Credit: Courtesy

Lack of affordable childcare has been a chronic problem in Santa Barbara since the early 20th century. The city, however, may look with pride to its past when trying to address the problem in the future. The opening of St. Vincent’s Day Nursery in 1918, the first such facility in the state of California, was an important milestone in making the area a welcoming place for working parents and their children.

Curiously, it was the outbreak of World War I in 1914 that played a key role in the establishment of St. Vincent’s. National labor shortages also affected the local Santa Barbara economy, bringing women into the workforce in greater numbers. For some, this presented an exciting opportunity to find dignified and gainful employment. For others, it was a decision dictated by the need to provide for their families. In both cases, however, the glaring absence of childcare facilities made their participation in the labor market nearly impossible.

The September 1918 issue of a local Santa Barbara newspaper, The Daily News and the Independent, described the urgency of the situation: “The present war conditions have made the need of woman’s labor one of the essentials of the day. Many women willing to work, and at times dependent for their support upon daily work, find it impossible to accept positions on account of having to care for a child or children while their mothers are at work.” The Daughters of Charity of Saint Vincent de Paul, an apostolic order of Catholic nuns who served the people of Santa Barbara since 1858, responded to the crisis.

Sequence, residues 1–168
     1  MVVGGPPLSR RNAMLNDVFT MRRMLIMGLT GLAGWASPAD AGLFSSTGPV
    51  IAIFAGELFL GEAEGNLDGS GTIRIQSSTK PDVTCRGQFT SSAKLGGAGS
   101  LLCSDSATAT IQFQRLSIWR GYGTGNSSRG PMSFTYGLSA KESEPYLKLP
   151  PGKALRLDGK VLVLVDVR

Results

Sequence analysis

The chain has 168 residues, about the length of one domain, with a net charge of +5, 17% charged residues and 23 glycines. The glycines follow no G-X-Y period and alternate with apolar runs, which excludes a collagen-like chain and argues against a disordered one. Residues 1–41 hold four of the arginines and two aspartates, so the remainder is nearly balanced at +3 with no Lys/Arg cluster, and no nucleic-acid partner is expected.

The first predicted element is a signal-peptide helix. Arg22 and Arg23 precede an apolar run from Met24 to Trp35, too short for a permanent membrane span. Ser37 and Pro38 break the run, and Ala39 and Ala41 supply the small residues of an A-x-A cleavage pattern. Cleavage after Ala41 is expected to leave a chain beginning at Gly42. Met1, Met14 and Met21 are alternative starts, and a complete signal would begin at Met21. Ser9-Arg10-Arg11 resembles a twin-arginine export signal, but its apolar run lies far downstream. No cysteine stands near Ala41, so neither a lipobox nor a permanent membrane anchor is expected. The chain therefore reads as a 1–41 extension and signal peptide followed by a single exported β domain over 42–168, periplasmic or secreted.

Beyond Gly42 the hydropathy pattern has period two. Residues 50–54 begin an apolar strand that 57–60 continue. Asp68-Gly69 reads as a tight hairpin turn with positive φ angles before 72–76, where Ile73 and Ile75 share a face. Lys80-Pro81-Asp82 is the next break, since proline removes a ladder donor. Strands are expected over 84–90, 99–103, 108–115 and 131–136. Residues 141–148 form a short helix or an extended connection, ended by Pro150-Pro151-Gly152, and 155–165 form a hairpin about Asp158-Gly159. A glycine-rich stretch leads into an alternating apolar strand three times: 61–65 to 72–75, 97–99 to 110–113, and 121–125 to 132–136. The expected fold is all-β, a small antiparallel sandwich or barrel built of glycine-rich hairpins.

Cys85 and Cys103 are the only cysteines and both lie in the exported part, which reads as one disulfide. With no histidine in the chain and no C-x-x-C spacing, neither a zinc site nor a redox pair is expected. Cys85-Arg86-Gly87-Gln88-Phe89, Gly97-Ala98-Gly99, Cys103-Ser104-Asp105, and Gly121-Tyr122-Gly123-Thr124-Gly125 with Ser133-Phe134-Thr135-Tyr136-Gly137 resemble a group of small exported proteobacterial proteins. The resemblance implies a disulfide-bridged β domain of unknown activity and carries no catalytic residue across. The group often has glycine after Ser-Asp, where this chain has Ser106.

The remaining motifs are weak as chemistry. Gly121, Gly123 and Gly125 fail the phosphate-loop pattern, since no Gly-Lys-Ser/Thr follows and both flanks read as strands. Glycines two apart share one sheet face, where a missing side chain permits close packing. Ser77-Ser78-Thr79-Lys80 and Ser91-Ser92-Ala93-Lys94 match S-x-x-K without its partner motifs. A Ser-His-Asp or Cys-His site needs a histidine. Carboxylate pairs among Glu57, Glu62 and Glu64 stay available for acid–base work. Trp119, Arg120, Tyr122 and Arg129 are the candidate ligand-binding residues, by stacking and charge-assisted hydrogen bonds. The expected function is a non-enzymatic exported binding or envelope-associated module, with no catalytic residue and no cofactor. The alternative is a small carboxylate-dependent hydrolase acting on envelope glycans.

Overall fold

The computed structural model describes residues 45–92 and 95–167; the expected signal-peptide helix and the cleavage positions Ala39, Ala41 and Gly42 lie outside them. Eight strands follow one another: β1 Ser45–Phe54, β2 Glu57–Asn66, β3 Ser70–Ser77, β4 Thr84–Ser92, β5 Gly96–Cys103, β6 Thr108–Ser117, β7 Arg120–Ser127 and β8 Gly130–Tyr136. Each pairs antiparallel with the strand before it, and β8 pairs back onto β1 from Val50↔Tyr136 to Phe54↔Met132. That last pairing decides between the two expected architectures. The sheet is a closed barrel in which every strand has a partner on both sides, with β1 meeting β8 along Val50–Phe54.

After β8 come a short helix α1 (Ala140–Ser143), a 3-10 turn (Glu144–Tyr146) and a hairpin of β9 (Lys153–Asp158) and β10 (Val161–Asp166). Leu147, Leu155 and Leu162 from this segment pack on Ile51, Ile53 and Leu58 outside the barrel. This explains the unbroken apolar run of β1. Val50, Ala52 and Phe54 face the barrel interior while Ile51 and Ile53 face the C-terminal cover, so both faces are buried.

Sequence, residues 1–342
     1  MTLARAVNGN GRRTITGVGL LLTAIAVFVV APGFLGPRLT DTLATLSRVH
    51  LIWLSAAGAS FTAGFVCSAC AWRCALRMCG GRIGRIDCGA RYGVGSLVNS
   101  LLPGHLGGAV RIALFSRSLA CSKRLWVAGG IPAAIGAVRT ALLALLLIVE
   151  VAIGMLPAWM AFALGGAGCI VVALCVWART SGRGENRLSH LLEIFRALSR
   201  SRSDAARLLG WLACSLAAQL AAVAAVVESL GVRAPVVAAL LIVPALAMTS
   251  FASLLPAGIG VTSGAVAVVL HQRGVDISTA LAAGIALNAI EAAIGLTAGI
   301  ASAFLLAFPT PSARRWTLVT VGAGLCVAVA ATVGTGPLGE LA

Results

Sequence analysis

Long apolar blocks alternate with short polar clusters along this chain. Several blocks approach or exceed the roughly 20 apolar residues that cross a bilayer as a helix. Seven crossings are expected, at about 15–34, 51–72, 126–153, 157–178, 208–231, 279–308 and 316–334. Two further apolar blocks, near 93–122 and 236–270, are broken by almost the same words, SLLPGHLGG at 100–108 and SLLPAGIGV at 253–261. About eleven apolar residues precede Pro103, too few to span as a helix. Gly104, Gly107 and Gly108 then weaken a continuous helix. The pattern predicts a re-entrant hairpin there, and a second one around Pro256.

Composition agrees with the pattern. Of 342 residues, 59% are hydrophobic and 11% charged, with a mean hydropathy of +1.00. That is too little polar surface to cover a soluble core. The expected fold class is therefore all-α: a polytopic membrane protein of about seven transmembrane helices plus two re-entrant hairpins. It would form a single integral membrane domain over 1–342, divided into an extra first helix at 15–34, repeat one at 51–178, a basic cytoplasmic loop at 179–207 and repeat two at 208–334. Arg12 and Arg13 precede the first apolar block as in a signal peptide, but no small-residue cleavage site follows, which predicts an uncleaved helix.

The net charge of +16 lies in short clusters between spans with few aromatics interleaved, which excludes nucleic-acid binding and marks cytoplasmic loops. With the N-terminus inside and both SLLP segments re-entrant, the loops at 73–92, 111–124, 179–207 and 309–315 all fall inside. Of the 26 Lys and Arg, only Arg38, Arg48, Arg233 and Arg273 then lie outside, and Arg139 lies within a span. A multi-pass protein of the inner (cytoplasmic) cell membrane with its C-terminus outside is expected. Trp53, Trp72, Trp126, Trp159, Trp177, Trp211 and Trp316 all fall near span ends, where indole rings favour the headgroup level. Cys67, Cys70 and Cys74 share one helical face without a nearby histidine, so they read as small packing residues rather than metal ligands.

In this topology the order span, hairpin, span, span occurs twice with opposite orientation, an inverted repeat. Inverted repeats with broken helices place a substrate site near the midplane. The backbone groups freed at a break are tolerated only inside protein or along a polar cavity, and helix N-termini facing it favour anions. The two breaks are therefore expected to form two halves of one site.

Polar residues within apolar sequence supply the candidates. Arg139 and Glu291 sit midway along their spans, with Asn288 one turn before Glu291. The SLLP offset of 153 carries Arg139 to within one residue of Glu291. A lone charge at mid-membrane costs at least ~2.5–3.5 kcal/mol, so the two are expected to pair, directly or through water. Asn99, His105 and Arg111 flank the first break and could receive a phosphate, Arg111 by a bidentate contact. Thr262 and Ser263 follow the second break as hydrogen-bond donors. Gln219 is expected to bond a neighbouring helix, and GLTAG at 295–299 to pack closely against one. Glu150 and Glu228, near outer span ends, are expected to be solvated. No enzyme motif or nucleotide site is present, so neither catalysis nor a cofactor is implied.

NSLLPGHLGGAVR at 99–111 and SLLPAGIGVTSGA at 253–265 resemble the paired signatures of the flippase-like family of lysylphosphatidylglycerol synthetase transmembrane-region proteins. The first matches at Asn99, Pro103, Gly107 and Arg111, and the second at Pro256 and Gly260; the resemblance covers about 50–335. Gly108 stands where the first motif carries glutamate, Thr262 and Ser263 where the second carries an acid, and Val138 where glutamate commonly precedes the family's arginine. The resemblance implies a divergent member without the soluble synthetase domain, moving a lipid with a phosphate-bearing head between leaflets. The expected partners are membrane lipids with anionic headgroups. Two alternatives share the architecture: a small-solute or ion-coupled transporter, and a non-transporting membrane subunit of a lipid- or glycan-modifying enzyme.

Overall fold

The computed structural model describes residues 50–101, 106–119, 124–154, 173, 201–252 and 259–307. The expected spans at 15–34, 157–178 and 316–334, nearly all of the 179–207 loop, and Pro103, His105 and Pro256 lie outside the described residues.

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The proposal to open the city’s first day nursery received overwhelming public support. Working hand-in-hand with local benefactors, the Daughters of Charity opened the nursery on the premises of the St. Vincent’s Orphanage that was located on 925 De La Vina Street on August 7, 1918. The news accounts emphasized that the nursery was “strictly non-sectarian and [took] children of any denomination.” In addition to welcoming children from all religious backgrounds, St. Vincent’s Day Nursery maintained flexible payment schedules. A nominal fee was charged to those parents who could afford it: 25 cents for one child, 40 cents for two children, and 50 cents for three children.

In 1923, a new fundraising model to support the work of the nursery was elevated to the county level, and that year, St. Vincent’s Day Nursery became one of the 15 founding agencies of the Santa Barbara Community Chest, an endowment fund that consolidated charitable donations and distributed funds to the member organizations. In 1925, the nursery moved to 220 West Canon Perdido Street shortly before a terrible 6.8 earthquake struck the city, causing widespread damage and the tragic deaths of 13 people. When the time came to rebuild Santa Barbara, the Daughters of Charity became outspoken advocates for state relief efforts.